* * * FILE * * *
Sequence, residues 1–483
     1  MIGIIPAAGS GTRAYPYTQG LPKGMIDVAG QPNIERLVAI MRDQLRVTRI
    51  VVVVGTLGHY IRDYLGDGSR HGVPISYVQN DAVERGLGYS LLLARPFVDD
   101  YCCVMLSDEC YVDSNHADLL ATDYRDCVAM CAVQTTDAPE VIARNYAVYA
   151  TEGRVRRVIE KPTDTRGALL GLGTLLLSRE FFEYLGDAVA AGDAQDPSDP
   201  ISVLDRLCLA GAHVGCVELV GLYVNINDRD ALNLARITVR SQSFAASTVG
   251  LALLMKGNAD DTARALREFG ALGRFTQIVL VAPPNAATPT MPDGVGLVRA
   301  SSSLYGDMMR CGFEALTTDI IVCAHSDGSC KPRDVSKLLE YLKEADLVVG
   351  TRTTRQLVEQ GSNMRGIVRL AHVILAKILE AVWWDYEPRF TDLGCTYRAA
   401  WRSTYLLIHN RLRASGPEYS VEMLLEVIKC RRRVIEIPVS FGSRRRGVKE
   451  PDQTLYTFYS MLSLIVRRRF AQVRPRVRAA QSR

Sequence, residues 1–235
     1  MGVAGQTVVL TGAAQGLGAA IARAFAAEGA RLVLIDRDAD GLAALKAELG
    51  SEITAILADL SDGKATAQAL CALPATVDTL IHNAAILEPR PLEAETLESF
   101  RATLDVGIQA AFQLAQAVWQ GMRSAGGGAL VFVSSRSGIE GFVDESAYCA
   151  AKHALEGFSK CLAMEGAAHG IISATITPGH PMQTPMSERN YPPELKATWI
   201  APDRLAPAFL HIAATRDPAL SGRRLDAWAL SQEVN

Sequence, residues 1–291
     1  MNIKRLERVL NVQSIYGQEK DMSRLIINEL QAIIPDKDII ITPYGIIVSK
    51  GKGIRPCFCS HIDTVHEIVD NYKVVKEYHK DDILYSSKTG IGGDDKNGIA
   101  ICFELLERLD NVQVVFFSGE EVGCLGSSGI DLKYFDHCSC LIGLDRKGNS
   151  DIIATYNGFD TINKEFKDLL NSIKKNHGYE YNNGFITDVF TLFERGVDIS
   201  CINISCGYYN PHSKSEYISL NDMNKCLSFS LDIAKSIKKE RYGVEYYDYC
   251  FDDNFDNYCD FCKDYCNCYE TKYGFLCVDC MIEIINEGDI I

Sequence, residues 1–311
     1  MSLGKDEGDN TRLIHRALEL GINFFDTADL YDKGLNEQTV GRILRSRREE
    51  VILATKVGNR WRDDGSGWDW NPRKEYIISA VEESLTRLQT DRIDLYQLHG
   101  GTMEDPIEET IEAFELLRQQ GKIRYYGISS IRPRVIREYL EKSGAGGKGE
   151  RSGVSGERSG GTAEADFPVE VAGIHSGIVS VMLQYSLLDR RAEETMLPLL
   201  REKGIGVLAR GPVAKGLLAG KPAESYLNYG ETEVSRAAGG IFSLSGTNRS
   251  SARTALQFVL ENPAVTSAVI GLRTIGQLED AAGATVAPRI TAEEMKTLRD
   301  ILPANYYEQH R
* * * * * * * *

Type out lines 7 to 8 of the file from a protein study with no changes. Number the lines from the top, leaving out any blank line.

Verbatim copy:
   251  LALLMKGNAD DTARALREFG ALGRFTQIVL VAPPNAATPT MPDGVGLVRA
   301  SSSLYGDMMR CGFEALTTDI IVCAHSDGSC KPRDVSKLLE YLKEADLVVG